8. 8. Balance of Payments and Exchange Rates <ul><li>The key question for currency markets is how does the relationship between BOP and exchanges rates proceed. </li></ul><ul><li>There are two possible channels: </li></ul><ul><ul><li>1. Changes in the exchange rates will affect, with some lag, balance of payments components. </li></ul></ul><ul><ul><ul><li>For example, a country’s ability to export, or willingness to import, will be affected by changes in the exchange rate. </li></ul></ul></ul><ul><ul><ul><ul><li>See slide on next page. </li></ul></ul></ul></ul><ul><ul><li>2. Changes in a country’s balance of payments position will put pressure on a country exchange rate. </li></ul></ul><ul><ul><ul><li>This was noted in the previous slide and this relationship will be developed through the remainder of this lecture. </li></ul></ul></ul>
  9. 9. Relationship of Exchange Rate to Trade Deficit
  10. 10. Current and Capital/Financial Account and the Exchange Rate <ul><li>We can think of the current account as a summary of a country’s trade position and the capital/financial account a summary of a country’s international capital flows . </li></ul><ul><li>If the two are roughly equal in size (but opposite in sign) then we can note that a country’s capital/financial transactions are financing that country’s current account transactions. </li></ul><ul><li>If this is the case, then there should be no resulting BOP pressures on that country’s exchange rate. </li></ul>
  11. 11. Current and Capital/Financial Account and the Exchange Rate <ul><li>If the current account and capital/financial account are not in rough balance, then we might expect BOP pressures on that country’s exchange rate. </li></ul><ul><ul><li>The typical relationship of these two accounts for the United States since the early 1980s is for the two accounts to roughly cancel each other out. </li></ul></ul><ul><ul><li>Specifically, a surplus in the US capital/financial account has generally financed the deficit in the US current account. </li></ul></ul><ul><ul><ul><li>See slide next page. </li></ul></ul></ul><ul><ul><li>We also see the same pattern for the UK </li></ul></ul>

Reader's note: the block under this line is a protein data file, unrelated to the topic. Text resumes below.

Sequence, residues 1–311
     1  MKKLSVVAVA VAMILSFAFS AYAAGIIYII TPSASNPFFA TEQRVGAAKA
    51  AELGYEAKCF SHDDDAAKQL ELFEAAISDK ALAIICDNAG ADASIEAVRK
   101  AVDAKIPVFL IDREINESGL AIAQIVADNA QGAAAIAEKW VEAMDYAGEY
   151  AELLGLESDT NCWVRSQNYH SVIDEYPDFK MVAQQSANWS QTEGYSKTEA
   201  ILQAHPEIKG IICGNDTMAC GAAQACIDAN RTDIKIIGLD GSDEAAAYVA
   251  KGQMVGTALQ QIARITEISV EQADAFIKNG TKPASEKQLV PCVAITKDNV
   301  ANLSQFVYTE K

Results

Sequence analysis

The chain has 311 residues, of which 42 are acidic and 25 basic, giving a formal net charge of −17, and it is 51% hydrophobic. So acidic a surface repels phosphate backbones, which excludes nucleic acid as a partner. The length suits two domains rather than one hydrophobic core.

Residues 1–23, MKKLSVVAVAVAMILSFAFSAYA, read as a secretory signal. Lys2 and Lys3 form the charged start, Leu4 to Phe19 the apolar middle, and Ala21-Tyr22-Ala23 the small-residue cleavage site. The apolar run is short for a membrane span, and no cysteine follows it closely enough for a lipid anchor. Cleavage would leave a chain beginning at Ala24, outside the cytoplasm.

12. 12. Current (BCA) and Capital /Financial (BKA) Accounts of the US
  13. 13. Current (BCA) and Capital /Financial (BKA) Accounts of the UK
  14. 14. Current Account and Capital/Financial Accounts not in Balance <ul><li>Whenever these two accounts do not offset one another, BOP exchange rate pressures are likely to exist. </li></ul><ul><ul><li>If both accounts are in surplus, the currency should come under strengthening pressures. </li></ul></ul><ul><ul><ul><li>Japan in 2003 </li></ul></ul></ul><ul><ul><ul><li>China since 2000 </li></ul></ul></ul><ul><ul><li>If both accounts are in deficit, the currency should come under weakening pressures. </li></ul></ul><ul><ul><ul><li>Thailand 1997 </li></ul></ul></ul>
  15. 15. Current (BCA) and Capital/Financial (BKA) Accounts of Japan
  16. 16. Japanese Yen 2003
  17. 17. Balances on the Current (BCA) and Capital (BKA) Accounts of China
  18. 18. Chinese Yuan 2002-2007
  19. 19. Current and Capital /Financial Account Balances for Thailand, 1991-1998
  20. 20. Response of Exchange Rate to 1997 Thailand Current and Capital Account Imbalance.
  21. 21. US Dollar in 2006 <ul><li>Go back to slide 6 and look at the data for the US current account and capital/financial account in 2006. </li></ul><ul><li>What do you see? Are the two roughly in balance and if not, what BOP pressures would you have expected on the US dollar that year? </li></ul><ul><li>Go to one of our foreign exchange web site to see what happened to the dollar in 2006. </li></ul><ul><ul><li>Look at the EUR/USD or GBP/USD rates. </li></ul></ul>
  22. 22. Issue for US and US Dollar: Increasing Current Account Deficits
  23. 23. Who’s Financing the Current Account Deficit?